The above is what we are trying to achieve but how to do it? Well, the first thing to do is to not use an image. A Blurb Module is a much better choice for this, simply because it provides a handy package containing both an image and a piece of text (in fact two pieces of text – the title and content) into a single element that we can style with CSS.

First, create a Blurb Module and give it a title and an image. We usually style the image as ‘No Animation’, but that is up to you. Do not add any content. if you do, the positioning of the title will not work. Now, make sure that you give the Blurb a CSS Class. You can find that by editing the Blurb then going to the Custom CSS tab. We have given ours a CSS class of blurb-title. if you use something else, you will need to change the class in the code below.

We recommend you use a child theme for this but you can put your CSS into the Divi->Theme Options->Custom CSS if you want.

The title is an h4 so we will target that. The first CSS we will add moves the title up a bit and brings it to the front. The position, especially the top,  is rather arbitrary. Setting the z-index to 1 should bring the title in front of the Blurb image.

.blurb-title h4 {
    position: absolute;
    left: 0%;
    top: 70%;
    z-index: 1;
}

So far, so good. Of course, we don’t know what colour the image will be so it would be good to add a background to the title so that it stands out. We can do this by using some more CSS –

.blurb-title h4 {
    position: absolute;
    left: 0%;
    top: 70%;
    z-index: 1;
    background-color:white;
    opacity:0.7;
}

Ok, the title stripe needs to extend across the whole of the image. We do this by setting the width to 100%. This will get its width from the containing element, the image. We will also take the opportunity to center the text using text-align.

.blurb-title h4 {
    position: absolute;
    left: 0%;
    top: 70%;
    z-index: 1;
    background-color:white;
    opacity:0.7;
    text-align:center;
    width:100%;
}

Now, we want to finesse the vertical positioning, spacing and font size. We are going to use ems for this. That way, our sizes etc. might work ok as we resize the page. We modify the height, line-height and font-size until happy (I haven’t changed the font-size in this example).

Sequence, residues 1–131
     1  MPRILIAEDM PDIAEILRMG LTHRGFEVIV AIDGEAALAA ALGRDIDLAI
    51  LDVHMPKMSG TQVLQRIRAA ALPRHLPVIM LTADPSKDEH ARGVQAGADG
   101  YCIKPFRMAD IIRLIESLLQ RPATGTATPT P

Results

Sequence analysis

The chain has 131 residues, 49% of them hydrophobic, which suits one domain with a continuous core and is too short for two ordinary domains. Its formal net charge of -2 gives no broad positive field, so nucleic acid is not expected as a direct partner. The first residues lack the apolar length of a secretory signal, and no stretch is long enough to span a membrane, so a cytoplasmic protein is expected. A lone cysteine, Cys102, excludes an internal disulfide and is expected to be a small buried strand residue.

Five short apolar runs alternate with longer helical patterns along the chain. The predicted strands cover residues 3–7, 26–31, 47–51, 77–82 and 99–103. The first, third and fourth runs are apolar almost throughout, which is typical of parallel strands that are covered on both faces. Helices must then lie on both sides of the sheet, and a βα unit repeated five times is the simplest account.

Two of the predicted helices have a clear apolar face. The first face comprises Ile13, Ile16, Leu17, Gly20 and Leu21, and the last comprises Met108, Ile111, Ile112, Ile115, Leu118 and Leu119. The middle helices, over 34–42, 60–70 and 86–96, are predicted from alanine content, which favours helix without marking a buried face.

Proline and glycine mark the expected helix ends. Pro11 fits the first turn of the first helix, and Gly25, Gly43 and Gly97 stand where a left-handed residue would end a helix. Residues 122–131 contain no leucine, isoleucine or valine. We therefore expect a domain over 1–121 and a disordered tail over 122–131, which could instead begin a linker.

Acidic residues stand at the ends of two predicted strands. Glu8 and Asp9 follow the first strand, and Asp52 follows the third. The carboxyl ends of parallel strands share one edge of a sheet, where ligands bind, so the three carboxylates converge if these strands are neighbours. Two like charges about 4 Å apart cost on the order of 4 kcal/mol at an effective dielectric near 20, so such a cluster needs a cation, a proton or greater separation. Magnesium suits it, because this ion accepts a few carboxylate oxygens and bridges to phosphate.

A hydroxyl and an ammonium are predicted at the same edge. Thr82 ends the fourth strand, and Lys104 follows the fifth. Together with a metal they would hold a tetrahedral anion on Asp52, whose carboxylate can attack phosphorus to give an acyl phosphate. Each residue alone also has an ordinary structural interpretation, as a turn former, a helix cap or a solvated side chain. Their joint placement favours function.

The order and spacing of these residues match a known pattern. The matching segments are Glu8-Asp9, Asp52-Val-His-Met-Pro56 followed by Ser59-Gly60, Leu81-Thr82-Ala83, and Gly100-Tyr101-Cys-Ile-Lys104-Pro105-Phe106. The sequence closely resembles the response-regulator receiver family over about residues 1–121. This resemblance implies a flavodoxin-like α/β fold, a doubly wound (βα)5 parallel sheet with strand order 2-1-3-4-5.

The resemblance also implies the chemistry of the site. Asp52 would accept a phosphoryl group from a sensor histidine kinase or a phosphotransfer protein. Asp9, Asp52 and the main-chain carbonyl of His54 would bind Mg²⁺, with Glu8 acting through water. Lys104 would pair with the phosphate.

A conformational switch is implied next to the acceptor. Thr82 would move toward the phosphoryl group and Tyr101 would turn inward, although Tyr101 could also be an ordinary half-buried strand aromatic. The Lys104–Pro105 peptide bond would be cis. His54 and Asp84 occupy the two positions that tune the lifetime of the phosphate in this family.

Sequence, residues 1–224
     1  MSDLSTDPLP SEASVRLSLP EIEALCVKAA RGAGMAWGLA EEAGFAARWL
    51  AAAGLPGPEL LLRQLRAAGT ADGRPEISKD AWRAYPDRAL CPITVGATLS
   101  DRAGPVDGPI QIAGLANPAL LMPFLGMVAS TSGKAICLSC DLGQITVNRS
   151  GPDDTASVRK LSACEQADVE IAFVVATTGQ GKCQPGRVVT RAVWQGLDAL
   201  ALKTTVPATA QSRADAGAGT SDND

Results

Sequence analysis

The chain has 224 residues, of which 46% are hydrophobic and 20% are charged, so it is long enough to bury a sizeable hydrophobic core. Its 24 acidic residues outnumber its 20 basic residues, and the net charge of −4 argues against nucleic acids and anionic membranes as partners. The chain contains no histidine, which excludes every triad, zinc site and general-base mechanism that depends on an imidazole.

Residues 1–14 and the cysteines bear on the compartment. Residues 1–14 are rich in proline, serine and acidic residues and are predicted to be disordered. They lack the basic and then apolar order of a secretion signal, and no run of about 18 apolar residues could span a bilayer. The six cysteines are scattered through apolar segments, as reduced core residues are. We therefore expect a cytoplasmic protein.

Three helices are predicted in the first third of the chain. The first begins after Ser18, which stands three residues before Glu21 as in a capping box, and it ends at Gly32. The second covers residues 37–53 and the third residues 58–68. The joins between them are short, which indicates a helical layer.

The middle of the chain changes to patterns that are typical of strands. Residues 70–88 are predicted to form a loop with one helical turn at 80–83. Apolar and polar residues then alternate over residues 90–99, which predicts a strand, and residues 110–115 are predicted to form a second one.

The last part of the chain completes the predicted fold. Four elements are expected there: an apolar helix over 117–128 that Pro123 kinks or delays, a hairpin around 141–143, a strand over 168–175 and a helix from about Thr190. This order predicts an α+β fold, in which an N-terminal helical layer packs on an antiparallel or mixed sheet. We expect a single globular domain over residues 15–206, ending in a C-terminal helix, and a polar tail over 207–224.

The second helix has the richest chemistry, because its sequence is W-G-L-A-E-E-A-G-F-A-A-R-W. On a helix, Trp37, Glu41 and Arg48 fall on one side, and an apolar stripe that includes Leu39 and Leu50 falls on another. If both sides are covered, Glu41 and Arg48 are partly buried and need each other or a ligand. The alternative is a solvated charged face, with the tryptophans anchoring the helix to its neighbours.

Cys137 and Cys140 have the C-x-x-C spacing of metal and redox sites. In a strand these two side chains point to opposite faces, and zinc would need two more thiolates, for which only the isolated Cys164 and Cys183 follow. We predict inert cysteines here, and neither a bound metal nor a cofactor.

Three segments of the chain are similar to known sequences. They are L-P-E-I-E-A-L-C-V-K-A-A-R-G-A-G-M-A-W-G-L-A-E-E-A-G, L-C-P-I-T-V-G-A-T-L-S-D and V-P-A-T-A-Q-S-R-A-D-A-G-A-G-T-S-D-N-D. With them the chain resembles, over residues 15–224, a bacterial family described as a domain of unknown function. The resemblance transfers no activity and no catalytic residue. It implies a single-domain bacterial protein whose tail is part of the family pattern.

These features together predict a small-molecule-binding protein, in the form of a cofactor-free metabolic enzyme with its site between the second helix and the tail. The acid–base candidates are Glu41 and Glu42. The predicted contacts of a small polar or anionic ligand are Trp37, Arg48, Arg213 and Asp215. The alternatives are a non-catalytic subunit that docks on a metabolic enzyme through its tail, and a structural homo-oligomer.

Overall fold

.blurb-title h4 {
    position: absolute;
    left: 0%;
    top: 70%;
    z-index: 1;
    background-color:white;
    opacity:0.7;
    text-align:center;
    width:100%;
    height: 1.4em;
    line-height:1.4em;
}

We could stop now but there is one other thing you might consider doing. We have added a link to the Blurb Module and, if you mouse over it (above), you will see that the background image has a link, and the TITLE text has a link but the title background does NOT. This is because the text link has been made using an INLINE element, an <a>. if you inspect the code (right click on it in Google Chrome and select Inspect) it will look something like

<a href="#">Title</a>

Inline elements are as big as they need to be to hold their content but no bigger. So, there is a ‘blind spot’ on both sides of the title where there is no link on mouse hover. Unlike inline elements, block elements are as big as they can be. In other words, they fill the space allowed to them by their parent container. So, we are going to force the <a> to be a BLOCK level element and we can then force its width to be 100% –

.blurb-title h4 {
    position: absolute;
    left: 0%;
    top: 70%;
    z-index: 1;
    background-color:white;
    opacity:0.7;
    text-align:center;
    width:100%;
    height: 1.4em;
    line-height:1.4em;
}

.blurb-title a {
    display:block;
    width:100%;
}

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